5 clifton Strenghts to use Many years of research conducted

5  clifton Strenghts to use 

 Many years of research conducted by The Gallup Organization suggest that the most effective people are  those who understand their strengths and behaviors. These people are best able to develop strategies to  meet and exceed the demands of their daily lives, their careers, and their families.  A review of the knowledge and skills you have acquired can provide a basic sense of your abilities, but an  awareness and understanding of your natural talents will provide true insight into the core reasons behind  your consistent successes.  Your Signature Themes report presents your five most dominant themes of talent, in the rank order  revealed by your responses to StrengthsFinder. Of the 34 themes measured, these are your “top five.”  Your Signature Themes are very important in maximizing the talents that lead to your successes. By  focusing on your Signature Themes, separately and in combination, you can identify your talents, build  them into strengths, and enjoy personal and career success through consistent, near-perfect performance.  


Competition is rooted in comparison. When you look at the world, you are instinctively aware of other  people’s performance. Their performance is the ultimate yardstick. No matter how hard you tried, no matter  how worthy your intentions, if you reached your goal but did not outperform your peers, the achievement  feels hollow. Like all competitors, you need other people. You need to compare. If you can compare, you  can compete, and if you can compete, you can win. And when you win, there is no feeling quite like it. You  like measurement because it facilitates comparisons. You like other competitors because they invigorate  you. You like contests because they must produce a winner. You particularly like contests where you know  you have the inside track to be the winner. Although you are gracious to your fellow competitors and even  stoic in defeat, you don’t compete for the fun of competing. You compete to win. Over time you will come to  avoid contests where winning seems unlikely.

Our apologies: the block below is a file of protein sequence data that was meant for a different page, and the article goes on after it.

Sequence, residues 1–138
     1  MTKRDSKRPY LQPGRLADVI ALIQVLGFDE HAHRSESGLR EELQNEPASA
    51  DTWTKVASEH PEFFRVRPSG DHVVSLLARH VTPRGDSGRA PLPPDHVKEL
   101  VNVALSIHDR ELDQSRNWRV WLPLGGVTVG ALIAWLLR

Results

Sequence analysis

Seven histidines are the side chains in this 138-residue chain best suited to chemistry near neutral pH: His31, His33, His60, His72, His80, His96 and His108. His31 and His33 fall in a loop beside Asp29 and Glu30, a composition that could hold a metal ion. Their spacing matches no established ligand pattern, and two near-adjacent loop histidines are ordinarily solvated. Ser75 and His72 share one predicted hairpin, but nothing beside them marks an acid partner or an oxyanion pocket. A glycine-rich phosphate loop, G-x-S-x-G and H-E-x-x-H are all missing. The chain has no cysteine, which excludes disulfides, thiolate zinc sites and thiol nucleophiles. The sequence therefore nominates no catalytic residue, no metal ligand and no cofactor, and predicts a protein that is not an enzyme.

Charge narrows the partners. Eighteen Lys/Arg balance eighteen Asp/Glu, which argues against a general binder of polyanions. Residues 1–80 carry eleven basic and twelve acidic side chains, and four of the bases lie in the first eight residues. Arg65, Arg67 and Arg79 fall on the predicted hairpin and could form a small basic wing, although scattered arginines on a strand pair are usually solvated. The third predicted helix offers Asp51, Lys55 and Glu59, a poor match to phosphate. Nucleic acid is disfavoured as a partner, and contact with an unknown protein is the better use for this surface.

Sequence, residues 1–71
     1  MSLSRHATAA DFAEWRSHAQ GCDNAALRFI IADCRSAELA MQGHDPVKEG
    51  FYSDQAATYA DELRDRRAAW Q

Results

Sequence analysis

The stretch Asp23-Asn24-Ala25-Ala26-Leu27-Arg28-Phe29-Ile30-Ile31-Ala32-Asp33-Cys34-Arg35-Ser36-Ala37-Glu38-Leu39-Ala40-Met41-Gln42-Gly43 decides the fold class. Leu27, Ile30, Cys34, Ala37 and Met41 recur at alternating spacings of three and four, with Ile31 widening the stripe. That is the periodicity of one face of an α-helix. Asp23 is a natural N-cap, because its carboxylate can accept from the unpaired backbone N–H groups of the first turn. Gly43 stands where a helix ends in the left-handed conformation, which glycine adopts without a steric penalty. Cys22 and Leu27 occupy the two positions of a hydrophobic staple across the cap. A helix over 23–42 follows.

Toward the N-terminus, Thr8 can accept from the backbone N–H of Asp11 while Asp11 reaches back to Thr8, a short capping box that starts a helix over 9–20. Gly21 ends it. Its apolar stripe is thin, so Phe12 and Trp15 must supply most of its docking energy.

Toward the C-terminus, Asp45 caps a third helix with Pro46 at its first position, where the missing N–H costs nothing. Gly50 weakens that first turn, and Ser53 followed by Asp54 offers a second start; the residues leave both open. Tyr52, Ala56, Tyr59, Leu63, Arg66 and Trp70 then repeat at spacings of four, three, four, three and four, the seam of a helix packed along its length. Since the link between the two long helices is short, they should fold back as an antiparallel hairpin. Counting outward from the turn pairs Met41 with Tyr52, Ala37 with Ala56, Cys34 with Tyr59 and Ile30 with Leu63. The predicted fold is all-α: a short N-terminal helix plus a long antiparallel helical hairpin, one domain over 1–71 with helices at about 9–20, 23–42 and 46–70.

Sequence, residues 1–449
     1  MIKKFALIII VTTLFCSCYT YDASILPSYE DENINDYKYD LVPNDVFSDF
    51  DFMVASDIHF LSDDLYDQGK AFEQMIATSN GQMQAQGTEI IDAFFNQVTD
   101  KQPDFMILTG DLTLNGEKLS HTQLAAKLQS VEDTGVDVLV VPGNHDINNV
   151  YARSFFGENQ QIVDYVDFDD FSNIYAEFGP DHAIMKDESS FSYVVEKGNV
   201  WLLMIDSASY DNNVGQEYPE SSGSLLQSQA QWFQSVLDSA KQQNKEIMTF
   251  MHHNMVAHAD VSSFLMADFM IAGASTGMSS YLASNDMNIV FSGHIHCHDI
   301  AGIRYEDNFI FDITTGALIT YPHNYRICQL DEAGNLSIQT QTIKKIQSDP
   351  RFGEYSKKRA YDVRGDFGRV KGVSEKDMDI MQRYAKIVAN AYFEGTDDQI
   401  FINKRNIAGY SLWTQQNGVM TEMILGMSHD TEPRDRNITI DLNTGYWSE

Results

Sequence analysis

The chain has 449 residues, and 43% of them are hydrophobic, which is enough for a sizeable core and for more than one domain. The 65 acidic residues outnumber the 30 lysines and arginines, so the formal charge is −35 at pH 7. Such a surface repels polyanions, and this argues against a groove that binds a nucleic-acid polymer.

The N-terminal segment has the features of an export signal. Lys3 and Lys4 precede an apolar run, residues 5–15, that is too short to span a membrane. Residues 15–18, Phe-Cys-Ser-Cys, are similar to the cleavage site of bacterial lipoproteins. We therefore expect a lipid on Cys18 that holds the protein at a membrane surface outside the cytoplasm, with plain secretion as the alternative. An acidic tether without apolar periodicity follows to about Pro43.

“Where am I headed?” you ask yourself. You ask this question every day. Guided by this theme of Focus,  you need a clear destination. Lacking one, your life and your work can quickly become frustrating. And so  each year, each month, and even each week you set goals. These goals then serve as your compass. 2 helping you determine priorities and make the necessary corrections to get back on course. Your Focus is  powerful because it forces you to filter; you instinctively evaluate whether or not a particular action will help  you move toward your goal. Those that don’t are ignored. In the end, then, your Focus forces you to be  efficient. Naturally, the flip side of this is that it causes you to become impatient with delays, obstacles, and  even tangents, no matter how intriguing they appear to be. This makes you an extremely valuable team  member. When others start to wander down other avenues, you bring them back to the main road. Your  Focus reminds everyone that if something is not helping you move toward your destination, then it is not  important. And if it is not important, then it is not worth your time. You keep everyone on point.